• 43 mins Markets Crumble As Coronavirus Panic Peaks
  • 5 hours Cobalt May Be The Key To Clean Hydrogen Fuel
  • 2 days How Taxpayers Are Bankrolling The EV Revolution
  • 3 days The Coronavirus Is Crushing China’s Car Market
  • 4 days Fighting For Survival In The Streaming War
  • 5 days Want A Job? Forget About A Bachelor’s Degree
  • 5 days Another Major Car Maker Is Backing Hydrogen
  • 6 days Are Americans Finally Sold On Soccer?
  • 6 days Is The Tech Bubble About To Burst?
  • 7 days Coronavirus Could Cost Tourism Industry $80 Billion
  • 7 days What Web Traffic Trends Can Tell Us About The World
  • 7 days Miners Face Greater Headwinds
  • 8 days Boris Johnson Proposes Billion Dollar Bridge To Northern Ireland
  • 9 days Goldman Slashes Oil Price Forecast By $10
  • 10 days Tesla Raises $2 Billion In Share Selloff
  • 11 days What The T-Mobile Takeover Of Sprint Really Means For Markets
  • 11 days The U.S. Has Charged Huawei With Racketeering And Conspiracy
  • 11 days How Hydrogen Could Become The Fuel Of The Future
  • 12 days Millennials Can’t Retire, But They’ll Still Have To Help Their Parents
  • 12 days This Gold Miner Just Increased Its Dividends By 40%
Want A Job? Forget About A Bachelor’s Degree

Want A Job? Forget About A Bachelor’s Degree

Despite the exorbitant--and rising--costs of…

Is The Tech Bubble About To Burst?

Is The Tech Bubble About To Burst?

The technology sector may come…

Another Major Car Maker Is Backing Hydrogen

Another Major Car Maker Is Backing Hydrogen

The hydrogen fuel cell market has…

  1. Home
  2. News
  3. Breaking News

Can Anyone Compete With Netflix?

Netflix

Netflix is on a tear, remaking virtually everything and now estimating that 85 percent of its total spending is going to original content, which would suggest it’s going up against Hollywood giants, not just cable companies.

Speaking at a media and communications summit in New York recently, Netflix Chief Content Officer Ted Sarandos said the company now has 470 originals scheduled to premiere by the end of this year. That would mean a total of 1,000 original shows for the streaming behemoth.

But it looks even better in dollar figures: Netflix content spending for this year will be up to $8 billion, with the “bulk” of that spent on originals.

In less than a decade, Netflix has become one of the biggest buyers of video in the world.

Now we’re looking at Netflix phase two, because in the past 80 percent of Netflix viewing in the United States was from licensed content, but with the advent of a new streamlining services by studios themselves, the amount of available licensed content is dwindling because studios are holding out.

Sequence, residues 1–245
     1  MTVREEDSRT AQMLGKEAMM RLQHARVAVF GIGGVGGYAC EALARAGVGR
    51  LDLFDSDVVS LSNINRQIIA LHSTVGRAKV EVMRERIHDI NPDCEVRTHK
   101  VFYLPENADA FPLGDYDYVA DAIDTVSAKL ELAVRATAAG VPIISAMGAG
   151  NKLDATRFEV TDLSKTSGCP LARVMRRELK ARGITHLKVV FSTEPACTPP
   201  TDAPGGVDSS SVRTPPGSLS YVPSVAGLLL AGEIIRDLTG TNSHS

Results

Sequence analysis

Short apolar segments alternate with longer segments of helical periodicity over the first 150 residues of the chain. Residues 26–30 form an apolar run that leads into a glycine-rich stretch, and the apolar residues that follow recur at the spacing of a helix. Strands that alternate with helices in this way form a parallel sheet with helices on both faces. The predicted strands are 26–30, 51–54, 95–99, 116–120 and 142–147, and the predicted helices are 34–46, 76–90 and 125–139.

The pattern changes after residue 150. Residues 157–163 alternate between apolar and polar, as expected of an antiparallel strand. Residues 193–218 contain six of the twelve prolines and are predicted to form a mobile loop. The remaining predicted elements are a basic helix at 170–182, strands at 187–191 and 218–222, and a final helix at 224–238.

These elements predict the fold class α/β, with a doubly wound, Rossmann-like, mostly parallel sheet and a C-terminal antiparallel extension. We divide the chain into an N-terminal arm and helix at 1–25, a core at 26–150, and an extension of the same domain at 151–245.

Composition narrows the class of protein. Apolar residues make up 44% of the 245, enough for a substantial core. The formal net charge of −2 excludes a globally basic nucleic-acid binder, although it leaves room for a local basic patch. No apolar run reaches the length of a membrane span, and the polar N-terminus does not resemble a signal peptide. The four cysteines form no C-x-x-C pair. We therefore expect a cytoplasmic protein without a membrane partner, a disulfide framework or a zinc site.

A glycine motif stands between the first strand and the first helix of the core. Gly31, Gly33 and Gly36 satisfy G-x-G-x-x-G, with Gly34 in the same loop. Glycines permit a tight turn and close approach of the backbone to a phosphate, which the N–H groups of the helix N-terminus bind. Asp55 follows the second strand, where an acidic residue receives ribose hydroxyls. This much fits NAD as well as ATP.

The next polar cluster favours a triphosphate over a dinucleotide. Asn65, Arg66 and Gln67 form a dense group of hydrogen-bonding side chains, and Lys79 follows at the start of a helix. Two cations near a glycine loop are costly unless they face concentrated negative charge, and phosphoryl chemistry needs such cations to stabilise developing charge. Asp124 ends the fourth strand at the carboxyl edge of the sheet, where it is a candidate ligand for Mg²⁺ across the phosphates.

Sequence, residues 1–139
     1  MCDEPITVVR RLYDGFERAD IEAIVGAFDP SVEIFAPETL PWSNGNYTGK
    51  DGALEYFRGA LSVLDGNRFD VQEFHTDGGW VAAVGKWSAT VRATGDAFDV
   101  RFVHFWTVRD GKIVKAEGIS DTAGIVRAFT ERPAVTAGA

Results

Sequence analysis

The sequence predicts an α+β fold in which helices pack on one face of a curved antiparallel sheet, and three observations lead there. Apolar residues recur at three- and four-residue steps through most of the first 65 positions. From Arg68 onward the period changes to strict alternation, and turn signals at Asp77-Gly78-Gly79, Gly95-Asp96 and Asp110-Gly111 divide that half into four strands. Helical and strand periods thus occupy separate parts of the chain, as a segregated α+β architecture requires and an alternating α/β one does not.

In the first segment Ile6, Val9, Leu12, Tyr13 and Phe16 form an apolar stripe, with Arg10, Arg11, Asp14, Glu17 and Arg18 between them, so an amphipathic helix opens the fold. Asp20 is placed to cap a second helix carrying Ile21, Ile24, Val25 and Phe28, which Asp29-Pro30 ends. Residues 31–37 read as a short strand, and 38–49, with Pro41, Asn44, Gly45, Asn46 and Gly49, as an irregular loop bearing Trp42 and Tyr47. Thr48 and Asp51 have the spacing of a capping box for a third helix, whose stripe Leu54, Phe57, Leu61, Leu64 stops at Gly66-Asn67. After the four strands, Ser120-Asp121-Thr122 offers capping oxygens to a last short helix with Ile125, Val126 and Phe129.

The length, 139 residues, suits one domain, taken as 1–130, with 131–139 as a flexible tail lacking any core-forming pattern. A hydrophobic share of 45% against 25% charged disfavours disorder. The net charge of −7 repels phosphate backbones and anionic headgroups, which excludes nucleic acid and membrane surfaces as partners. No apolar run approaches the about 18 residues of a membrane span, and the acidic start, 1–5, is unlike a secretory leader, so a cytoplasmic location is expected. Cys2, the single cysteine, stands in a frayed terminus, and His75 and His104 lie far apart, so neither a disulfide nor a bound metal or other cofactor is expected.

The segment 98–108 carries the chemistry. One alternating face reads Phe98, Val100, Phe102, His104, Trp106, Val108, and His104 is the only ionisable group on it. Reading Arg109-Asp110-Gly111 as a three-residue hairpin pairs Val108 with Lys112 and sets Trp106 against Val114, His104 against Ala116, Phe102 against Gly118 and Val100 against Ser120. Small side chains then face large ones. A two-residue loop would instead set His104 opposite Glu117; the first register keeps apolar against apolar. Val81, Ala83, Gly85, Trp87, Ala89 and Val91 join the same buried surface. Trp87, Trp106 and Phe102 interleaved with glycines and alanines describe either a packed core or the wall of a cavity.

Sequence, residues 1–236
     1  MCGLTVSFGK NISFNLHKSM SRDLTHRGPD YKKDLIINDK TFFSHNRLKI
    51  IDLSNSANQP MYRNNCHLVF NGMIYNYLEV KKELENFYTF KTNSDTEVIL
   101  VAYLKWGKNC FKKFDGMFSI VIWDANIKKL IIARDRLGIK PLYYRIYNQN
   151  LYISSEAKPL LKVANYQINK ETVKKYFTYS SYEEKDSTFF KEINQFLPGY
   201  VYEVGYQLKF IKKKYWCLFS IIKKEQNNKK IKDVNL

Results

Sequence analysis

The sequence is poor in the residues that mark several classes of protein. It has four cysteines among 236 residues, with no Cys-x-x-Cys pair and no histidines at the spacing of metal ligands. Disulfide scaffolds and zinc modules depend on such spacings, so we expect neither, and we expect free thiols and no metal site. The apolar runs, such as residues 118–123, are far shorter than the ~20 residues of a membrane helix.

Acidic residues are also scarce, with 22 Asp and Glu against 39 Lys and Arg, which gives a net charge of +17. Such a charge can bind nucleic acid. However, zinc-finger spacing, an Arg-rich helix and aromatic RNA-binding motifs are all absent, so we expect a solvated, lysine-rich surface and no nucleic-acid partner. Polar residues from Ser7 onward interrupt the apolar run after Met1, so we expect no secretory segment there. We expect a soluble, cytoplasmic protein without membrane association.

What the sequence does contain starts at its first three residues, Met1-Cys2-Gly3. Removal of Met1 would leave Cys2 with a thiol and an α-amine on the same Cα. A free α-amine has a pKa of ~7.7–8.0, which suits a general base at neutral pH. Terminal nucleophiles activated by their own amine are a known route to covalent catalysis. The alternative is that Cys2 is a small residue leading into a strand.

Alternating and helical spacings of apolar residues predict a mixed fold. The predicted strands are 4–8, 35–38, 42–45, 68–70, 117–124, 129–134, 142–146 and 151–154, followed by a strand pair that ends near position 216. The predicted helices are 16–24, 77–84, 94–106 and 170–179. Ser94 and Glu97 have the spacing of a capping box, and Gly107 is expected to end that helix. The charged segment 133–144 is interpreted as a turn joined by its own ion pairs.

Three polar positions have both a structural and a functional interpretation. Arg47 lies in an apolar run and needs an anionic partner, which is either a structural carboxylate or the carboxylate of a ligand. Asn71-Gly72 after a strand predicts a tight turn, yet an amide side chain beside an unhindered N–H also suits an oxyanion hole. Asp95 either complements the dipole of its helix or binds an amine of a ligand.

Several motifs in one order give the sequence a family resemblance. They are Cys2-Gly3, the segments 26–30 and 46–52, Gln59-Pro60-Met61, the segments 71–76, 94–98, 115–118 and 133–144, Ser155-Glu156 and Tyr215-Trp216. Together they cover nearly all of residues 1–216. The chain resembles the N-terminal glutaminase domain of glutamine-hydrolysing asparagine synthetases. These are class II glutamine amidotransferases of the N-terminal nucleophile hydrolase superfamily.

As Sarandos pointed out, “maybe we can put the billion dollars we’d put in an output deal into original films”.

It started out with big hits like House of Cards and Orange is the New Black, but now it’s widening its net to see what it catches. Netflix won’t be cast-type, either, like HBO, or—worse—Hallmark. There will be something for everyone, including B-movies.

The company is also stepping up true originals—those they actually produce rather than rebranding them as originals, as they did for House of Cards and Orange is the New Black. Pop-culture hit Stranger Things was a true original, as was 3 percent, and we should see much more of this coming up. Related: Is Gold Only For Long-Term Investors?

And the need for loads of fresh content is crucial as the competition stiffens, with Disney and Apple planning their own streaming projects, and Amazon Prime and Hulu posing a hefty threat.

It’s already seriously dented the cable and satellite business. In 2013, cable and satellite recorded their first-ever drop in subscribers, year-over-year. And it’s gotten worse every year since.

(Click to enlarge)

Source: MotleyFool

By the end of last year, Netflix boasted more than 120 million subscribers globally, generating $11.7 billion in revenues. Disney’s studios generate around $32 billion but not from subscriptions, so it’s more difficult to compare.

Some predict that Netflix could generate $50 billion within five years—or at least top Disney by then.

Regardless, it’s enough to force Hollywood to try to ‘supersize’, as evidenced by the AT&T-Time Warner hoped-for mega-deal. Hollywood is having a hard enough time keeping up with Apple, let alone Netflix.

Forbes poignantly notes: “As merger maneuvers continue across Hollywood, the tech companies continue to grow and iterate and do deals with the brightest and best creators in town. As Hollywood plays M&A games, the new competition is playing the game for actual customers.”

(Click to enlarge)

Netflix is now valued at over $142 billion, and it’s share price loves the original content news:

By Jan Bauer for Safehaven.com

More Top Reads From Safehaven.com:

Back to homepage

Leave a comment
  • b on May 22 2018 said:
    net flex will go down in flames like Obama and mikkee

Leave a comment